Jim Hinch

The Holy City

Cardus, a Toronto-based think tank, likes artist Fabian Debora, subject of a profile I wrote in the current issue of Image:

A Spade is Not a Spade: The Art of Fabian Debora and the Mystery of Los Angeles” is, as the title implies, about roughly a baker’s dozen different things at once. Principally, it is about the Los Angeles artist Fabian Debora’s spiritual evolution from hardened street gang member to (locally) celebrated painter. It is also, with a bit of a sideways slide, about a Jesuit priest named Father Greg Boyle who runs an initiative called Homeboy Industries that helps the Debora’s of the world escape the projects, the violence, the drugs, the normalization of murder, intrinsic to gang life.

Then it becomes something else again: a meditation on neighborhood, and on memories attached to the places where we grow up, even when those places feature children who must be taught to sleep in “bullet proof” postures to avoid being killed in their beds by random shootings in the hallway or the squalid apartment next door.

That would be enough for even the most voracious reader, but Hinch goes further yet by tying Debora’s redemption, “Father G’s” saving work, and sense of home that creates homeboys up to the underappreciated, if not unknown, truth that the Los Angeles of all our stereotypes is now among the most fertile spiritual soil in the world.

The immigration that meets the racism that feeds the poverty that fosters the eradication of community that begets the violence is, simultaneously, the source of a 21st Century version of the Great Awakening.

“Newcomers—almost four and a half million, a third from Asia, more than half from Mexico and Latin America—have created in Los Angeles a massive religious infrastructure similar to the network of Catholic parishes and Jewish synagogues that once anchored life in immigrant landing zones such as New York’s Lower East Side and South Boston,” Hinch writes.

“More Catholics pack more parishes and run more schools in southern California today than in any archdiocese in the nation. Mosques in Orange County operate mortuaries and schools, furnish reception rooms for weddings and other community activities. In Hacienda Heights . . . the largest Buddhist temple in the western hemisphere organizes summer camps, teaches Cantonese, produces radio and television broadcasts, raises money for disabled children, operates a printing press and runs and art gallery.”

This is not just interesting information. It is inherently newsworthy of its potential to make all of us new. As we all know, what starts in California, sooner or later starts everywhere else as well. Yet how much room is given to it in a so-called mainstream media obsessed with every burp and tickle in, say, American electoral primaries that will be meaningless in a matter of weeks? None, or next to it.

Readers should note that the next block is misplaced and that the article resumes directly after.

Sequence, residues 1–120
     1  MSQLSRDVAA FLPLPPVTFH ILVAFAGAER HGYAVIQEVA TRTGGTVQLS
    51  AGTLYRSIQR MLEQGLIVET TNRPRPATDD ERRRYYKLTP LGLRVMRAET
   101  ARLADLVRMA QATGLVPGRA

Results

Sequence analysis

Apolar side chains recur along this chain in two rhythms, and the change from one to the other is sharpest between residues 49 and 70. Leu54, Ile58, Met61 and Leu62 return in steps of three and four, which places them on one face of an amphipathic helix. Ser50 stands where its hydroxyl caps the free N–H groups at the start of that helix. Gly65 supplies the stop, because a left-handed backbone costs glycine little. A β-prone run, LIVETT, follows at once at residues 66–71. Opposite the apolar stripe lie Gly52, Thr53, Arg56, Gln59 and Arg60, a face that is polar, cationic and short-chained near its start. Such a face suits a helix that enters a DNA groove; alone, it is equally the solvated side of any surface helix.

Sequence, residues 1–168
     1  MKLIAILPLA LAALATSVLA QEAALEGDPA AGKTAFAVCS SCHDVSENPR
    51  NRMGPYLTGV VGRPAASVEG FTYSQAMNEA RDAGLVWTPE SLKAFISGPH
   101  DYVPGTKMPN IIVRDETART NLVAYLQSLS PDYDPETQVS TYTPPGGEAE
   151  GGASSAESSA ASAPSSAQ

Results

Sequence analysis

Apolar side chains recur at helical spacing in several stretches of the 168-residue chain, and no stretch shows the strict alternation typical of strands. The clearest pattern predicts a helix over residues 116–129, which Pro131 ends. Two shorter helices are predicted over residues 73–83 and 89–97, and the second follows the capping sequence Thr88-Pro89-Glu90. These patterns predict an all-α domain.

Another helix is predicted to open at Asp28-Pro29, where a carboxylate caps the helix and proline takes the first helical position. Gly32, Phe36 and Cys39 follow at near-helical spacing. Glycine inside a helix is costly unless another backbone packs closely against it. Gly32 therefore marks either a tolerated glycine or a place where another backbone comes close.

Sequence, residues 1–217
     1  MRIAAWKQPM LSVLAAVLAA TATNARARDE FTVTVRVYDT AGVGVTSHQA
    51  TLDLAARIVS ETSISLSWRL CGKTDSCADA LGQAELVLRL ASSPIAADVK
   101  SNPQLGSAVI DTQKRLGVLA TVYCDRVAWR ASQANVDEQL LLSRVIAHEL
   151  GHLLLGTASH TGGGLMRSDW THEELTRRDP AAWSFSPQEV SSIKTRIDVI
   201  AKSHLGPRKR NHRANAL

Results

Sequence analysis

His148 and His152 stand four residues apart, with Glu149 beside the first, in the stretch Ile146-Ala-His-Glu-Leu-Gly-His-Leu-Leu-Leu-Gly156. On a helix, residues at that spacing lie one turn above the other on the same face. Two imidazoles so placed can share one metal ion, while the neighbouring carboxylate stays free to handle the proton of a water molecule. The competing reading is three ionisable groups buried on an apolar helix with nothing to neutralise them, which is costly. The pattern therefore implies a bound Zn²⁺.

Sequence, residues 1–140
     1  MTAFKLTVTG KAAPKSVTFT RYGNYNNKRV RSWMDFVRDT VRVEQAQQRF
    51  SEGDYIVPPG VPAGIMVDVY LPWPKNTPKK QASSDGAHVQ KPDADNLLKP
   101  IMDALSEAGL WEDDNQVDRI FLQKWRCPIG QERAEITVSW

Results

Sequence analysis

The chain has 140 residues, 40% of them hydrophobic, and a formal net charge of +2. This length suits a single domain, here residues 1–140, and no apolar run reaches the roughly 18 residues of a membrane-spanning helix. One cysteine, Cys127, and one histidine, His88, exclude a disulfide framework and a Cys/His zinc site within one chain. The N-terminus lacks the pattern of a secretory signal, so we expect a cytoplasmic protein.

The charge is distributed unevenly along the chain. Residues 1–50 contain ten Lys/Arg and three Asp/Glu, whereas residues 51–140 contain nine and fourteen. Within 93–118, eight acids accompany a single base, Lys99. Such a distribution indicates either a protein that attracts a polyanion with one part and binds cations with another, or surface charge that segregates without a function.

Kyung-In

This is Kyung-In Lee. I’ll be writing about her soon. She’s praying in this photo, which she did every morning before preparing breakfast for her husband and seven children. Kyung-In lived in Seoul through the Japanese occupation of Korea, World War II and the Korean War. Her husband, a minister, was imprisoned by the Japanese and later killed (the family presumes) by North Korean communists following the invasion of Seoul. Kyung-In lost four children to war and disease. Her oldest son became a communist. She sent four of her children to live in America, placing them on American cargo ships in Pusan harbor. She lived much of the latter part of her life as a refugee. Her youngest son, Hi-Dong, told me he sometimes found her praying while holding a handkerchief wet with tears. That is the through-line in Kyung-In’s life: prayer. “I used to wake up at night and find her praying,” Hi-Dong told me. “I came home from school and found her praying in a corner of the living room….Through prayer she found strength to go on through the dark valleys of death and separation.” Kyung-In joined her children in the U.S. in the early 1980s. She died in 1987 at age 93. She is buried in Los Gatos, California. Her headstone reads: “She loved unconditionally.”

King’s Way

Wow. Saddleback Church in Orange County, California, home to super-pastor Rick Warren (Obama inauguration, Purpose Driven Life, etc.) has joined forces with Southern California mosques to adopt a three-step plan for ending enmity between evangelical Christians and Muslims. The plan’s first step calls for Muslims and Christians to recognize they worship the same God. Interfaith reconciliation has been proceeding for years between Muslims and more liberal-leaning mainline Protestant denominations. This is the first such effort I’ve heard of by an evangelical mega-church. Many evangelicals regard Islam as Christianity’s number one enemy, and they do not at all agree that the two faiths worship the same God. This is likely to make waves. See news release and pictures at the Islamic Center of Southern California in Los Angeles.

Contested Visions

Only three days left to catch “Contested Visions in the Spanish Colonial World,” a stunning exhibit at the Los Angeles County Museum of Art. Four hundred years of art produced in the Spanish-speaking Americas. What fascinates me is how the exhibit highlights both the resilience of native artistic traditions in the face of overwhelming Christianization, and also the adaptability of Catholicism in new lands. A parallel to pressures and adaptations faced by many immigrants in America today. Excellent review by Daniela Bleichmar in the 2/9/12 New York Review of Books.

God, gangs and art in L.A.

Two new publications this month, both about the work of Fabian Debora, a former East L.A. gang member turned painter and muralist. “Pay Me No Mind” appears in the latest issue of Boom: A Journal of California (an excellent and welcome addition to the literature of California). “A Spade is Not a Spade” appears in the latest issue of Image.